# Why can we define y as a function of x in implicit differentiation?

I understand the method used in implicit differentiation, it's just an application of the chain rule. But why can you define $y$ as a function of $x$?

In this equation for example:
$x^2 + y^2 = 1$

$2x + 2yy' = 0$

Why isn't it just this?:
$2x + 2y = 0$

• short answer: you differentiate with respect to $x$ not to a mixture of $x$ and $y$. – user251257 Feb 8 '17 at 23:25
• another short answer: implicit differentiation involves you assuming that $y$ is a function of $x$ – Timothy Cho Feb 8 '17 at 23:26
• @user251257 But why not assume y is constant when differentiating with respect to x? – SadSeven Feb 8 '17 at 23:35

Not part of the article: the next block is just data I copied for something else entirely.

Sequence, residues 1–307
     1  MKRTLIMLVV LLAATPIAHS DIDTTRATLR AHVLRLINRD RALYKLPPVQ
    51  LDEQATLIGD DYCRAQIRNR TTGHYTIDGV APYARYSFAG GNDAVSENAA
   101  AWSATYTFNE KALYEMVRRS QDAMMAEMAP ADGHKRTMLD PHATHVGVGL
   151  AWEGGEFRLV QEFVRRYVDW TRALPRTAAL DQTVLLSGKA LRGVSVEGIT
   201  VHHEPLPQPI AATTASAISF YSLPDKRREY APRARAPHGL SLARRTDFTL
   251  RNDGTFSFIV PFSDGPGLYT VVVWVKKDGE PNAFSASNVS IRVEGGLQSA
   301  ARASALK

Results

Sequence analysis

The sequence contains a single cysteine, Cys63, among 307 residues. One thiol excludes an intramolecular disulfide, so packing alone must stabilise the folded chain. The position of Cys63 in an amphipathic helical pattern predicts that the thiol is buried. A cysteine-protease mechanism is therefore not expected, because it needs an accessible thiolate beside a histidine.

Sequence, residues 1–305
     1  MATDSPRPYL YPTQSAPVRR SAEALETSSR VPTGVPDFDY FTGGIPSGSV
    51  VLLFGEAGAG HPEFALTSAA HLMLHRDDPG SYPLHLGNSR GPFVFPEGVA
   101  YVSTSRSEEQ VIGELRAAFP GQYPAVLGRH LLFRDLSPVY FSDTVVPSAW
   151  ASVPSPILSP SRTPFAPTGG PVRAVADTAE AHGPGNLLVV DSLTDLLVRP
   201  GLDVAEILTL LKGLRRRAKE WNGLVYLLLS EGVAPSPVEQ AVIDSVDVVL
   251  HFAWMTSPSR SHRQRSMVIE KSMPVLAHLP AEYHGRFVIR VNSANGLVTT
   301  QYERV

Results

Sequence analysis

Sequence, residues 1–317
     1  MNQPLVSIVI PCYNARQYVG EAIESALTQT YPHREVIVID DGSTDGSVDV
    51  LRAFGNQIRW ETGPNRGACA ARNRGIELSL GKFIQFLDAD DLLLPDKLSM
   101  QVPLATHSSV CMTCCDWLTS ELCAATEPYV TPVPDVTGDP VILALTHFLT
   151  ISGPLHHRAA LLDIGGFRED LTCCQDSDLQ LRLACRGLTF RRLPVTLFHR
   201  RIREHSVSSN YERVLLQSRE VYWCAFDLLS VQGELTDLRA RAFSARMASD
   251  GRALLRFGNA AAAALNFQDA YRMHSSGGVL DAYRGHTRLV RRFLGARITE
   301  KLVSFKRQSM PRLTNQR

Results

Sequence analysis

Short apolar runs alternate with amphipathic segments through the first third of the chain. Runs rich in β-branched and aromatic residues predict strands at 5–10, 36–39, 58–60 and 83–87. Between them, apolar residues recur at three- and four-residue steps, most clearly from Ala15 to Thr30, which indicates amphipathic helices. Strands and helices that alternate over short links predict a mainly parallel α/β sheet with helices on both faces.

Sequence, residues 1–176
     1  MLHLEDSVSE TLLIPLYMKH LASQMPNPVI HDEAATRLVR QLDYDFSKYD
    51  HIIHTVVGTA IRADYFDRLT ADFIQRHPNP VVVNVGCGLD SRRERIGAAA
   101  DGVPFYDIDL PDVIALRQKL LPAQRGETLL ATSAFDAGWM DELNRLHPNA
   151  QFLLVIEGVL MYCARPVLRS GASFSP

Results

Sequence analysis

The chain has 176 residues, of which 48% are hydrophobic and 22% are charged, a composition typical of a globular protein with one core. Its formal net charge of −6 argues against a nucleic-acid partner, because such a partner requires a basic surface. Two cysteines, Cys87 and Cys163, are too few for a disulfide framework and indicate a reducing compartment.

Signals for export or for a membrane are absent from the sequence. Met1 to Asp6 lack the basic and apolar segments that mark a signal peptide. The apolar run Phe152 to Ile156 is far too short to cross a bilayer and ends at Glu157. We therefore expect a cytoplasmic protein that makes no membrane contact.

• @SadSeven: Why should it? If it is constant, then $\frac{d}{dx} x^2 + y^2 = 2x$. – user251257 Feb 8 '17 at 23:38
• @SadSeven We treat $y$ as a constant in partial differentiation but not in ordinary differentiation. – projectilemotion Feb 8 '17 at 23:41

(1). $\{(x,y): x^2+y^2 =1\}$ is NOT the graph of a function.
(2). There IS a function $f(x)$ for $|x|<1$ such that $f(x)$ is differentiable and $x^2+f(x)^2=1.$ In fact there are 2 such functions. And we have $$0= \frac {d}{ dx} (1) =\frac {d}{ dx} (x^2+f(x)^2)=2x + \frac {d}{ dx }(f(x)^2)=2x+2f(x)f'(x).$$
Note: In differentiation, it matters what you differentiate BY. Just as in division, where it matters whether you divide by x or by y. The derivative of $y^2$ with respect to $y$ is $2y.$ The derivative of $y^2$ with respect to $x$ is $2y \frac {dy}{dx}.$
Consider $$F(x,y)=0$$ and compute $F'_x(x,y)$ considering $y$ as a constant and then $F'_y(x,y)$ considering $x$ as a constant. Now, the implicit function theorem $$\frac{dy}{dx}=-\frac{F'_x(x,y) }{F'_y(x,y) }$$